The consequences of Neoliberalism


The political theorist Benjamin Barber (best known for his 1996 book Jihad vs. McWorld) published an article the other day titled “We’re Number 34!“, which outlines quite well one of the worst vices I see in some of my fellow citizens: ignorant hypocrisy. I really hate to be so blunt about it but that is the only way to describe the state of affairs we find ourselves in – we carry ourselves as though our nation were something to be aspired to (and at one time it was) while failing to notice the disconnect between the dream and the facts. For example, for a nation that assumes a monopoly on the “American Dream” we are #10 in terms of social mobility. As for taking care of our youngest: we are #34 in infant mortality.

How are we able to claim for ourselves some kind of global exceptionalism when we’re #34 in infant mortality?

It’s not that we don’t know how to be number one: in military expenditures we outspend the world, budgeting more for hard power than the next two dozen or so nations on earth including China, France, the U.K., Russia, Japan, Germany, Italy, Brazil, South Korea and Canada and another dozen nations put together. If we can do it here, we can do it in health, science, education and social justice.

What we can’t do is have it both ways — talk number one and behave like number 34. Proclaim our superiority and privatize or close down every meaningful public program. Strut like a wealthy cosmopolitan but tax ourselves like some parochial back-water bankrupt (about to default on our debts!).

The fact of the matter is that neoliberalism – the Reaganomics approach to the world – has shaped the public’s perception of reality to such a degree that we now suffer from mass delusions and amnesia. In the face of all evidence to the contrary, we tout our exceptional unexceptionalism as though it were not; ignoring our humanity, we have sacrificed our social conscience and substituted it with a market conscience that completely undermines everything we as living, breathing human beings cherish and value.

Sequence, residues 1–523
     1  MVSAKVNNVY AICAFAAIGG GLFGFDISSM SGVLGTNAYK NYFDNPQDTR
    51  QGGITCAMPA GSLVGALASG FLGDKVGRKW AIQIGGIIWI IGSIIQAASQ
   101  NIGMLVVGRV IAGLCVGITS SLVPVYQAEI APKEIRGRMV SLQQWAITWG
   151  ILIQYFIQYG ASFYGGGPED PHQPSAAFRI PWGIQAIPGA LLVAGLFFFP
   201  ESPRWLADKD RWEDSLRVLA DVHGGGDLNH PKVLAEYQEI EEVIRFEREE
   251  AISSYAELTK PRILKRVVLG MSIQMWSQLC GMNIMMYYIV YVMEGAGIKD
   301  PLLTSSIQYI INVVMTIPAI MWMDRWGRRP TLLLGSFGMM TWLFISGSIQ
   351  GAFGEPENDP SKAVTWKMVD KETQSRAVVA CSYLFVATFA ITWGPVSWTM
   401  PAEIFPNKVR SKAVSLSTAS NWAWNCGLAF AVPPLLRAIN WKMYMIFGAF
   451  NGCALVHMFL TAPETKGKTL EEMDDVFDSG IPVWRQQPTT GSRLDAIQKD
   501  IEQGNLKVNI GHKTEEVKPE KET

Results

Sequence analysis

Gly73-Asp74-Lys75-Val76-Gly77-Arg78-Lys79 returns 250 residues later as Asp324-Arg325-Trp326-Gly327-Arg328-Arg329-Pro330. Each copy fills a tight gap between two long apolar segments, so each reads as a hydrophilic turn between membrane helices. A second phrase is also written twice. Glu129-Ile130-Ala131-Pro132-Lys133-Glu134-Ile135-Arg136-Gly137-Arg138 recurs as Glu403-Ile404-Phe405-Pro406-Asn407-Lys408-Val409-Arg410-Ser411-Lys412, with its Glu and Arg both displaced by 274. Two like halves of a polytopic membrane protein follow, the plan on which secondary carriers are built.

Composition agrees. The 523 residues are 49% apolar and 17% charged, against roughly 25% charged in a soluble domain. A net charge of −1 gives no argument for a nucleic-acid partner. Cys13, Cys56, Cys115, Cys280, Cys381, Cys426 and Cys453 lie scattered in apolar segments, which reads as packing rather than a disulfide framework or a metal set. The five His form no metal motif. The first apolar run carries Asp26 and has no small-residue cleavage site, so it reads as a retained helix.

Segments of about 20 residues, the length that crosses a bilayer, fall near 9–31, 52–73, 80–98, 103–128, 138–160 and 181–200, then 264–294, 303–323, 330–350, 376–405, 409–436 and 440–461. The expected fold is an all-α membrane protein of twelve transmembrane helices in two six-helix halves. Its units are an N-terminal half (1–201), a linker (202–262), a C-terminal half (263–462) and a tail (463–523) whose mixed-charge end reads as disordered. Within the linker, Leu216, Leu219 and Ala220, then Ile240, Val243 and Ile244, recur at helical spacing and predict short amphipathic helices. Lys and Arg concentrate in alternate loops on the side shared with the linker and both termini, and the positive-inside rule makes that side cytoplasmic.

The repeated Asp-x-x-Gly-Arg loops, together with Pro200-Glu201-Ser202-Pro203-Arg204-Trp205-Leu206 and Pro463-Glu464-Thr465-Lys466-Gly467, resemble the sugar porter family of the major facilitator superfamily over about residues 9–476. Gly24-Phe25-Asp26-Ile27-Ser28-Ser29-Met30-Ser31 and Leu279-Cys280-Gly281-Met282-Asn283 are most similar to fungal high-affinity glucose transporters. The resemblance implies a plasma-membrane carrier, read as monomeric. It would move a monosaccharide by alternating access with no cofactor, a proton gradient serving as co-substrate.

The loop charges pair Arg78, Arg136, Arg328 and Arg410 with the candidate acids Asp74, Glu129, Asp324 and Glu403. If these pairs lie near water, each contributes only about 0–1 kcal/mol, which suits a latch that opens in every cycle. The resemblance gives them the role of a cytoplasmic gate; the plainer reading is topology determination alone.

Under the guise that efficiency, justice and liberty can only be obtained through private enterprise (and private enterprise only) we have alienated ourselves from the power of the public and the community. Resisting any initiatives organized by a government “of the people, by the people, for the people” because “it will only fail” or “ruin everything” is to say that each of us, the very people that constitute society, have failed and will ruin everything.

And if that’s the case, we’re absolutely hopeless no matter what we do.

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2 thoughts on “The consequences of Neoliberalism

  1. Well stated, we need to act now. I’m sick of living in a place with a government Of the top 1%, for the top 1%, by the top 1%. The policies being set forth currently drivers of plutocracy and it is no doubt going to get worse. We need a resurgence of democracy. We need to rebuild the dream. Join the movement.

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  2. What really pisses me off about neoliberalism is that is not talked about at all in the mainstream media. The average American has no idea that our neoliberal economic policies fuck the third world relentlessly. No one mentions the massive IMF loans that are being forced on post revolution Egypt. There is large resentment for that institution in that country. But the west’s hegemonic influence will probably force the country into loans. The media never mentions the IMF or the World Bank or free trade agreements as a major problem.

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